“There is little evidence to suggest a national labour shortage exists in Canada, although there appears to be regional and sectoral pockets of labour market tightness,” the PBO said in a 33-page report that examines the various trackings of job vacancies, including those from business groups.

“Further, there does not appear to be a more acute national skills mismatch in Canada than prior to the 2008-09 recession, although there may be exceptions in some regions and sectors.”

The report is particularly critical of the Finance Department’s “Jobs Report” issued in February that stated the vacancy rate, which tracks unfilled job openings, is rising and will get worse as baby boomers retire.

The PBO openly questioned the government’s methodology, particularly comparing present day vacancy rates to 2009, when the economy was deep in recession. Rather, the government should have compared job vacancies to a similar point in the business cycle, the PBO analysis said.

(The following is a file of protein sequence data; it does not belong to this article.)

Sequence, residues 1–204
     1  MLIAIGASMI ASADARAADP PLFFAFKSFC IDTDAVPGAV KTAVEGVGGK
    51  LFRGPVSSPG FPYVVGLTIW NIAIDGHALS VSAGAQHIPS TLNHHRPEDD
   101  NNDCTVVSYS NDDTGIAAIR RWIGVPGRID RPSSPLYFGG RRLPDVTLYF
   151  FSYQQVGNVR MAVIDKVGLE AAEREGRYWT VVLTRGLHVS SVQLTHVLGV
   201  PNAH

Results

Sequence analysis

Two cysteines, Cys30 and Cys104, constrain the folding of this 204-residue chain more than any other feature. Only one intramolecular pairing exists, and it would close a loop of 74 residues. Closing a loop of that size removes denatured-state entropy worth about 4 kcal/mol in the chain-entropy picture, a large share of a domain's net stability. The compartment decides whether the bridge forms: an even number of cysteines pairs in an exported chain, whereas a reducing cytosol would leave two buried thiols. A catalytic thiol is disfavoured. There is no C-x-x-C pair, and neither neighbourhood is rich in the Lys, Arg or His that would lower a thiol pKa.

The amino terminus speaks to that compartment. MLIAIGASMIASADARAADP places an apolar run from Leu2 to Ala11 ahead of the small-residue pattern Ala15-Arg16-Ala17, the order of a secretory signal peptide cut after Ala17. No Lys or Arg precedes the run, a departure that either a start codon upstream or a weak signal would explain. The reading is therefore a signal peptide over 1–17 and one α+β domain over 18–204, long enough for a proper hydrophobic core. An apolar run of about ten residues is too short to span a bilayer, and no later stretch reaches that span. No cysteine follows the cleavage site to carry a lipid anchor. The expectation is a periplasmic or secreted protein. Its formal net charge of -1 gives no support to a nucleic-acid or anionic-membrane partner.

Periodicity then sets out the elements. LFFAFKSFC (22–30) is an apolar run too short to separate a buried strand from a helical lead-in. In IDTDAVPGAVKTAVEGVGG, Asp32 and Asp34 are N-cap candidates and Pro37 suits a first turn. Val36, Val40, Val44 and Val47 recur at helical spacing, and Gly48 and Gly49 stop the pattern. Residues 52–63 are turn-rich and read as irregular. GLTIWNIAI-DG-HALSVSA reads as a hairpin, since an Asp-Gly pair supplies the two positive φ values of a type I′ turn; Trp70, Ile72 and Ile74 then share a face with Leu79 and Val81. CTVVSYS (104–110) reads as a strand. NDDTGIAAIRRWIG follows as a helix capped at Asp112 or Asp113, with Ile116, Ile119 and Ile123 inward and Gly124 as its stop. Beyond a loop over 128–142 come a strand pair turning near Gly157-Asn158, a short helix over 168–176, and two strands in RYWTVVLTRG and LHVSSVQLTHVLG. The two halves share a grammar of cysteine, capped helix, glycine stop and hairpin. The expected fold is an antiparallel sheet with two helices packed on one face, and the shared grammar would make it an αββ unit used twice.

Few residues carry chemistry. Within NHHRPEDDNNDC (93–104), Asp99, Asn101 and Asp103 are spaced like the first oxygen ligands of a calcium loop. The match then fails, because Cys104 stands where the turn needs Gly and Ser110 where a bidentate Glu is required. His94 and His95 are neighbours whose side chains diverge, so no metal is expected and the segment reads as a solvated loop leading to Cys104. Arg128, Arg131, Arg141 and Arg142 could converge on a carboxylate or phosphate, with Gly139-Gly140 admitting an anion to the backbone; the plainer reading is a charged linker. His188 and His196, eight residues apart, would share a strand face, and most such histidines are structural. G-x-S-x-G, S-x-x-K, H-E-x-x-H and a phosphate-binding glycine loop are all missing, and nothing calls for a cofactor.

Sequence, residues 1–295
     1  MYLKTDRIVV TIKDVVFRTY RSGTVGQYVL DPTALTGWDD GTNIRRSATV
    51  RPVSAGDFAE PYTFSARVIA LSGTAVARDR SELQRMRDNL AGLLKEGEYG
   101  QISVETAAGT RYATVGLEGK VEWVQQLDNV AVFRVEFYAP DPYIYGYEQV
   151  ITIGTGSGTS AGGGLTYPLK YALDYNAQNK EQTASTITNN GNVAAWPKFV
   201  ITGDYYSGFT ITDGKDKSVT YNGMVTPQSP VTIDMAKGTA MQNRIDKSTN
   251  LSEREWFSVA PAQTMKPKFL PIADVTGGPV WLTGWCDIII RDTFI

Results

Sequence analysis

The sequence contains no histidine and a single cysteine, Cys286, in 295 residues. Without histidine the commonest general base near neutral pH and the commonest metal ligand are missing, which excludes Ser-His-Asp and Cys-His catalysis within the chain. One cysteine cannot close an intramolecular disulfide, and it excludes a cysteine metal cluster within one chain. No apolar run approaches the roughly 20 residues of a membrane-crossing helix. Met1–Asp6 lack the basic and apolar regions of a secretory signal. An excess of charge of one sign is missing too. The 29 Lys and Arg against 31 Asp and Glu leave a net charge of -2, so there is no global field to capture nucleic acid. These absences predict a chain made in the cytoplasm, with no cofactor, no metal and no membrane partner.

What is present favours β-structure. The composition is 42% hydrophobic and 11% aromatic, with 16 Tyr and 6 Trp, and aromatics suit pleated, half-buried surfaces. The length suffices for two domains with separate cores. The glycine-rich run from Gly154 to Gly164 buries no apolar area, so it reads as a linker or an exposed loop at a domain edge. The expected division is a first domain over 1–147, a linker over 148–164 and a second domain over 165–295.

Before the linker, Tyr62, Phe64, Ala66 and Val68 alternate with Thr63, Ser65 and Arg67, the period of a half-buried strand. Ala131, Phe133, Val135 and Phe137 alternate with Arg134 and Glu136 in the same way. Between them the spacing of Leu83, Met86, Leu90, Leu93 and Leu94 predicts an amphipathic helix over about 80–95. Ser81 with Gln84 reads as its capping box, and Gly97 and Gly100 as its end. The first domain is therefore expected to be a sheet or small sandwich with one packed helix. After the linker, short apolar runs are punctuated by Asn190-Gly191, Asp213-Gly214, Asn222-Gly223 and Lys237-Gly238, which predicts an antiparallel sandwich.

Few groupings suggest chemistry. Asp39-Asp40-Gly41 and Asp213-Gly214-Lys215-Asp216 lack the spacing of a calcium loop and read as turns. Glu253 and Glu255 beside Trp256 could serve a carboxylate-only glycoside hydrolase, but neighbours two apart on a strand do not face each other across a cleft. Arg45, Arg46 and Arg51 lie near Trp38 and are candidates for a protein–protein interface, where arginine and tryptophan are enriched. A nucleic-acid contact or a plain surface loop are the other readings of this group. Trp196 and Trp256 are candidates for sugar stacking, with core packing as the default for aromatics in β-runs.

Another problem, said Frechette, is that the Finance Department made use of data that has since been revised downward. He said the PBO only learned of the revisions late Monday.

“We expect they would probably review their report, but it’s up to them,” he said. Finance did not immediately respond to a request for comment.

The PBO said while there appeared to be no national problem, there were pockets of labour “tightness” in some sectors and regions, particularly Saskatchewan, where the unemployment rate dipped to 3.9 per cent in February. Surprisingly, the PBO did not include Alberta as a region of labour tightness.

That’s also been the view of most economists, and conforms to the Bank of Canada’s quarterly business surveys that have tended to present the problem as isolated.

“No question that we should be encouraging training, and individuals to upgrade their skills,” said Bank of Montreal chief economist Doug Porter, a long-time skeptic on the issue.

“But the so-called ’workers without jobs; jobs without workers’ issue seems to skew much more heavily to the ’workers without jobs’ part of the equation.”

Following question period in Parliament, NDP Leader Thomas Mulcair and Liberal critic Scott Brison said the government had erred in trying to take away responsibility for job training from the provinces, noting the regional disparities in the job market.

The PBO’s overall assessment is of a labour market that has made some strides in recovery from the 2008-09 recession, but still has a way to go before it should be considered healthy or representing full employment.